I did not grow up in the Catholic Church. In the military, there were only two choices for church services on military post: Protestant or Catholic. My dad was Baptist so we went to the Protestant services. It wasn't until I went to a Catholic university, University of Notre Dame, that I was exposed to Ash Wednesday, Lent and meatless baked ziti on Fridays.
After I started pursuing Christ and stopped being lukewarm in my faith, our nondenominational church participated in something similar called forty days of prayer and consecration. The idea was similar to Lent in my mind-- give up something that is excruciatingly painful to do without for forty days as a service to God. I did not even understand the "as a service to God" part very well. Some years, I did it. Most years, I half did it. And a few years, I just shrugged it off.
This morning I have been doing some research on the history of Ash Wednesday, which led to more searching on Lent. Once again, I sit humbled by the amount of don't know that I don't know. I recently read through the whole book of Leviticus, highlighting and organizing the feasts and sacrifices in my Bible. Even though Ash Wednesday and Lent are not mentioned in the Bible as commands to observe, I am struck by God's continual command to remember and set aside time.. to rest and reflect, give honor and be obedient to Him as Creator, Sustainer, Redeemer and Judge. I know I don't have enough margins built into my days to do that consistently. So, with this new knowledge, I am much more resolved to offer my own personal sacrifices this Lent season to remember, reflect, serve and honor God as holy.
Here are some of the little nuggets I gathered about Ash Wednesday this morning.
- Ashes are Biblically a sign of mourning, judgement and repentance. Ashes from sacrifices were to be taken outside the Israel camp (Numbers 19:9), the King of Ninevah covered himself with sackcloth and sat in ashes as a sign of repentence (Jonah 3:6), Tamar put ashes on her head (2 Samuel 2:19).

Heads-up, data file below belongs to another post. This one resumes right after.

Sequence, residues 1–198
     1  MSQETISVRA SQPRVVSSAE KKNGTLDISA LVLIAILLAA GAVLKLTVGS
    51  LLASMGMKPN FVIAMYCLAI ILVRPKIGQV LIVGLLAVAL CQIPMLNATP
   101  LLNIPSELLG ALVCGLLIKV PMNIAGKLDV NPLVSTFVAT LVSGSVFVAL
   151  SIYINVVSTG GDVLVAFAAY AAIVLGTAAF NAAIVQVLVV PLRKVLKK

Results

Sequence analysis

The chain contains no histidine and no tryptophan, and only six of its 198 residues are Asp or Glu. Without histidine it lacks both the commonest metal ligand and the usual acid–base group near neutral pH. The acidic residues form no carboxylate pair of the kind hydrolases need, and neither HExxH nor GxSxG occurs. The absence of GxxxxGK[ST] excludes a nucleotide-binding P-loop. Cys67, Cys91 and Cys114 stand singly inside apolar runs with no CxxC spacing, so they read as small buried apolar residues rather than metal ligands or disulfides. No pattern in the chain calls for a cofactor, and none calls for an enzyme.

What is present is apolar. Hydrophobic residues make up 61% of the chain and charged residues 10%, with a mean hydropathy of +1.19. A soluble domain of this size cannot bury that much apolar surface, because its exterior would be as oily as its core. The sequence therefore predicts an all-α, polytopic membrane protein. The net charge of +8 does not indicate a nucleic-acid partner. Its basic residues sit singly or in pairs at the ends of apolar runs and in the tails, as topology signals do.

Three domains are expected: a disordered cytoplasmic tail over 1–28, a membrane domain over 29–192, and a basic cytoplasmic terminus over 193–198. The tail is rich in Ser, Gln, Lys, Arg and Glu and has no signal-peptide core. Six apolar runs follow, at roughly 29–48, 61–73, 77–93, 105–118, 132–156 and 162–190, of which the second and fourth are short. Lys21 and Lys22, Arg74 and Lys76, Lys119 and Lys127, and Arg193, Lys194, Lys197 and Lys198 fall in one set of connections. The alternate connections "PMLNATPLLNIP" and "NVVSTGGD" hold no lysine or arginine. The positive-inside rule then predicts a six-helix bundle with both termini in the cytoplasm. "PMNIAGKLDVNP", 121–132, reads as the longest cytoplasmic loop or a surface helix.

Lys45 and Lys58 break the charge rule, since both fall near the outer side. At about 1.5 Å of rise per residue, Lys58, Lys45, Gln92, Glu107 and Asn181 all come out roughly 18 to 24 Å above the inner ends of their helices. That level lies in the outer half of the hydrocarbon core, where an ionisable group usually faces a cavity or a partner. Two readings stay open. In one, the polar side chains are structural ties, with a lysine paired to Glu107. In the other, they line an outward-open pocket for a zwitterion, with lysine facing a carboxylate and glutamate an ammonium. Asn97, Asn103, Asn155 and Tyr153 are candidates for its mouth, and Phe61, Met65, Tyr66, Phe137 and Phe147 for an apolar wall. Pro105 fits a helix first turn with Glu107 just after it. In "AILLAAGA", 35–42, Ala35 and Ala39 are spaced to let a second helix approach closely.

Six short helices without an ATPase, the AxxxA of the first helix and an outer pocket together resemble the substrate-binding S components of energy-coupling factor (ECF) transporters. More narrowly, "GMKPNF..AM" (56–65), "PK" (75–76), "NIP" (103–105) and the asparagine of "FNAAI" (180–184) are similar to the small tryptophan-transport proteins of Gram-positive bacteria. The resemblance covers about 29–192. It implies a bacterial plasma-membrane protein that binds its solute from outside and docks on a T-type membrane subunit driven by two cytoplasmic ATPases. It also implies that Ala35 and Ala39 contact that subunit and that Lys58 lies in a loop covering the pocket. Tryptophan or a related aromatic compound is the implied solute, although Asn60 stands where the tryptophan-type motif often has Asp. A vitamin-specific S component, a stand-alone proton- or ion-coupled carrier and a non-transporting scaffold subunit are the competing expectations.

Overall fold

- Some churches burn the palms from the previous year's Palm Sunday to use as ash.
- The use of uses on Ash Wednesday is meant to remind us that our lives are short. Genesis 3:19 ("...for dust you are and to dust you shall return.") is commonly recited.
SHORT TIMELINE OF HISTORY OF ASH WEDNESDAY AND LENT
- Early church father Irenaus of Lyons (c. 130-200) writes of a similar season but only lasts 2-3 days. Early church converts underwent a fast of 40 hours before baptism. It is thought that this practice eventually led to what is now called Lent.
- In 325 AD, the Council of Nicea discussed and instituted a formal church 40 day season of fasting with only one meal taken a day, near the evening. Meat, fish and animal products were forbidden from being eaten during the period.
- Up until 600s, Lent began on fortieth Sunday (called Quodragesima)
- Gregory the Great (c 540-604) moved the beginning date of Lent to a Wednesday, now called Ash Wednesday, so that it was forty days exactly to Easter, not including Sundays which were feast days. He also marked foreheads with ash as a reminder of repentance and mortality.
- By 800, Lenten practices had become less restrictive with meal times moved to 3pm and then to noon by the 1400s. Over time, less foods were prohibited. In 1966, the Roman Catholic Church restricted fast days to Ash Wednesday and Good Friday. (Eastern Orthodox Churches are more strict.)
- After the Protestant Reformation in the 16th century, the observance of Ash Wednesday was not popular amongst many non-Catholic denominations. It's popularity returned in the 19th century during the ecumenical movement, when many Protestant Churches began intentionally communicating with each other as well as the Catholic Church.
One final bit of conviction on my heart, Jesus said, "And when you fast, do not look gloomy like the hypocrites, for they disfigure their faces that their fasting may be seen by others. Truly, I say to you, they have received their reward. But when you fast, anoint your head and was your face, that your fasting may be seen not by others but by your Father who is in secret. And your Father who sees in secret will reward you." (Matthew 6:16-18)
May my Lenten sacrifice be joyfully presented for only an audience of One.